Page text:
West Asian Mathematics - History of Math
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West Asian Mathematics

Multiplication table
Sumerian multiplication table (2700 BC)

Once people in West Asia figured out how to write down numbers, about 3500 BC, they quickly began to want to use cuneiform to write down other mathematical ideas. The earliest example of this that we have is from about 2700 BC. It shows a multiplication table to help people figure out the area of a space by multiplying width by length. The first column is the width, the second is the length, and the third column is the area. It uses a system for writing down large numbers in base 60 (the way our clocks work today).

Babylonian school math book
Math book (Babylon, about 2000 BC)

This tablet, from about 2000 BC, was a school math book for teaching kids how to calculate inheritance. The problem asks how much each of seven boys would get when their father died, according to Babylonian law. Apparently the law said they should each get a different proportion, with the oldest getting the most and the younger kids less and less. Whoever did the math worked up from the bottom (which was not normal), and also made a mistake in his or her calculations!

Here's a Babylonian math problem you could try to solve yourself. Are you as smart as Babylonian kids?

By the time of the Babylonians, mathematicians were working out quadratic equations like the Pythagorean Theorem, computing square roots and cube roots, and the factors of sixty (because they often worked in base 60).

After the Assyrians formed their empire, mathematical developments seem to have slowed down after this initial rush. But mathematicians continued to work on new ideas. Assyrian mathematicians, working around 1000 BC, first had the idea of dividing the circle into 360 degrees (still working in base 60, so 360=6x60). During the Persian Empire, around 500 BC, people first began to use the abacus (nobody knows whether the abacus was invented in Persia or China, or both about the same time). An abacus is a way of calculating large numbers quickly by moving pebbles along grooves, or beads along wires.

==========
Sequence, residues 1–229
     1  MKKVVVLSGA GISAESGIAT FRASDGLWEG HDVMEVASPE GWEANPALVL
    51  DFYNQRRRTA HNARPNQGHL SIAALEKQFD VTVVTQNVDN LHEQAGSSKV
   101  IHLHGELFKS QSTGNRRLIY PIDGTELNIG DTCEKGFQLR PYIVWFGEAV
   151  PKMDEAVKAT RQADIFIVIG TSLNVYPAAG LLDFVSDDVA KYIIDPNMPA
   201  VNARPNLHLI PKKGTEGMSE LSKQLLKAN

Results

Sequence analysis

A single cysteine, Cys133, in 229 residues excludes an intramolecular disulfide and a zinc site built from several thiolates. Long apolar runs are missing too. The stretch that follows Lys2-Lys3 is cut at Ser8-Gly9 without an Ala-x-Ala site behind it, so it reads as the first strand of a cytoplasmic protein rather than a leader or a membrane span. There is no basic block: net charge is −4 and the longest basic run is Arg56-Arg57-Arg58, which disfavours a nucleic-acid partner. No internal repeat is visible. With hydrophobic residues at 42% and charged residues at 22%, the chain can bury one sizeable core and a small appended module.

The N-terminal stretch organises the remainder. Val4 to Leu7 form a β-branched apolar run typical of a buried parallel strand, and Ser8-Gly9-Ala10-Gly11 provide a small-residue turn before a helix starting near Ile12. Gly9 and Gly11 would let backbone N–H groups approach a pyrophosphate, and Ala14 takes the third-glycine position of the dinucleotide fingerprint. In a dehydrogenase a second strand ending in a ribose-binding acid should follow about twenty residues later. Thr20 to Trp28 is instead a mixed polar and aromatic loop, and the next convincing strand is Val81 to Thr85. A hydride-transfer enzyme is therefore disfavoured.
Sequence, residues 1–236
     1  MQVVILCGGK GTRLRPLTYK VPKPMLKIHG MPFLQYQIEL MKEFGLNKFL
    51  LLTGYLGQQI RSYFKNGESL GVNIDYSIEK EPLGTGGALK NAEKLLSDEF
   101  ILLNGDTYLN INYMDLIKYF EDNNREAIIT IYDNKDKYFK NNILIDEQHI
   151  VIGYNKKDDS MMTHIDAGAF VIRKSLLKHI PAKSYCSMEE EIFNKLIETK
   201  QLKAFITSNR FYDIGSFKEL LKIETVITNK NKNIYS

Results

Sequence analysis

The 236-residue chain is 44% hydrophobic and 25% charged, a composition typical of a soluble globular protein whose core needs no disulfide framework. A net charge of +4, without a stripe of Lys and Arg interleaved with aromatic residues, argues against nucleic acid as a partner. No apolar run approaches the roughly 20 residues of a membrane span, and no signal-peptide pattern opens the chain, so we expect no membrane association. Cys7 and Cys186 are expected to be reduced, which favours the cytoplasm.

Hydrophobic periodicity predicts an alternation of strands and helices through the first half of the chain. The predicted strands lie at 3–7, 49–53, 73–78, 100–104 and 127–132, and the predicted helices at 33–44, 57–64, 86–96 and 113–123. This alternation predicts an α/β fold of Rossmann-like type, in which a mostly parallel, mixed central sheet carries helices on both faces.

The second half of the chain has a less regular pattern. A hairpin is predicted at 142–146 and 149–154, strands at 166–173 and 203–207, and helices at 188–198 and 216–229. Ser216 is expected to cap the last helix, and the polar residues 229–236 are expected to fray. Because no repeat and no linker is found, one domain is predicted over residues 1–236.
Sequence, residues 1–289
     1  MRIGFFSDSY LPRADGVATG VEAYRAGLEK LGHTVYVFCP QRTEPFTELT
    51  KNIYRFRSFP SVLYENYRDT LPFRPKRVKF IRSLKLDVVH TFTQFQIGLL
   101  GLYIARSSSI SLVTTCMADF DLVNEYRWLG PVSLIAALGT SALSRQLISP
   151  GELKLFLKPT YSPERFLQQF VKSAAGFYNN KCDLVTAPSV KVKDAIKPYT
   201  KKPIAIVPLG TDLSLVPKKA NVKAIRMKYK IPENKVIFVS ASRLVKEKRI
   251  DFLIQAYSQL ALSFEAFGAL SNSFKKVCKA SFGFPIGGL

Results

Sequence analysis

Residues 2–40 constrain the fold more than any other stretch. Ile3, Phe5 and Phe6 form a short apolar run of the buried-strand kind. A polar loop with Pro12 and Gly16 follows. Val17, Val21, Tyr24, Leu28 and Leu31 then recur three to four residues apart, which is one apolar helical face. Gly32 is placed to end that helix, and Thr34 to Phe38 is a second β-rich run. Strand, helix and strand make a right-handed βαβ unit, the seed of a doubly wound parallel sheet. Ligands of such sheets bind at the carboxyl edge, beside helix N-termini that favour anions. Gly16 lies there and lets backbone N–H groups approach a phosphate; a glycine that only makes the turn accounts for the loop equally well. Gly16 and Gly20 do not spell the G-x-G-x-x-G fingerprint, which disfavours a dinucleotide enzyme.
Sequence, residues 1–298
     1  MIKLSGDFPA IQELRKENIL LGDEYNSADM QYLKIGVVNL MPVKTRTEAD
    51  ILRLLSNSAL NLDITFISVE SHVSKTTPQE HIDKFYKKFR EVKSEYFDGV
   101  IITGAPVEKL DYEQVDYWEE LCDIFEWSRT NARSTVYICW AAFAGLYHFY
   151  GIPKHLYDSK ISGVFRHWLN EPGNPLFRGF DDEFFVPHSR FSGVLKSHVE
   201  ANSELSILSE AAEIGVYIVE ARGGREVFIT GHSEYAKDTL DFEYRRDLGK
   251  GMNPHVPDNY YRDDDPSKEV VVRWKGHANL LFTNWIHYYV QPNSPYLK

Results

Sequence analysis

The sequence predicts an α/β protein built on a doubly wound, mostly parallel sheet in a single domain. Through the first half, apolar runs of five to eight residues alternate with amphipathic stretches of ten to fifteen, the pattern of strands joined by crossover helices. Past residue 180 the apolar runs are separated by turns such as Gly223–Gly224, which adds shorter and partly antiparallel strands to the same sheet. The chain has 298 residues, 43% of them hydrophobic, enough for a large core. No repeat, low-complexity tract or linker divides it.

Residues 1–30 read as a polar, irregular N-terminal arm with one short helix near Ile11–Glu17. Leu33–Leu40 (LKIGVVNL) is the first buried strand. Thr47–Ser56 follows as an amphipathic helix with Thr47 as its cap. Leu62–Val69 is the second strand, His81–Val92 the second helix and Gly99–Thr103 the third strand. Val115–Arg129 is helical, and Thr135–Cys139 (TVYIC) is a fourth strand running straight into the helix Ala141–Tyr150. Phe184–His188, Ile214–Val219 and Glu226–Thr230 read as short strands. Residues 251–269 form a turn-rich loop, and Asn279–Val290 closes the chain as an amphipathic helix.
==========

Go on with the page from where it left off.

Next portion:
When Alexander conquered the Persian Empire in 331 BC, Greek mathematicians were able to talk to Persian and Indian mathematicians much more easily than before. A lot of new ideas came out of these conversations. The most important was the development by men like Aristotle and Euclid of the idea of the logical proof: that you could start from a few accepted axioms (basic facts) and work gradually by logical steps to show that more complicated ideas also had to be true (or could not be true).

Under Parthian and Sassanian rule, scholars concentrated on bringing together knowledge from the countries around them - India, China, and the Roman Empire. There doesn't seem to have been much independent thinking going on, but we really don't know much about it. In the 600s AD, the Arabs conquered West Asia and established the Islamic Empire. Around the same time, Indian numbers revolutionized mathematics. You can read about that here.

Learn by doing: an abacus
A real Babylonian math problem
More about Islamic math

Bibliography and further reading about West Asian science:

Science in Ancient Mesopotamia, by Carol Moss (1999). Easy reading. On the short side.

African Mathematics
Indian Mathematics
Greek mathematics
Islamic Mathematics
More West Asian Science
Ancient West Asia
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Professor Carr

Karen Eva Carr, PhD.
Assoc. Professor Emerita, History
Portland State University

Professor Carr holds a B.A. with high honors from Cornell University in classics and archaeology, and her M.A. and PhD. from the University of Michigan in Classical Art and Archaeology. She has excavated in Scotland, Cyprus, Greece, Israel, and Tunisia, and she has been teaching history to university students for a very long time.

Professor Carr's PSU page

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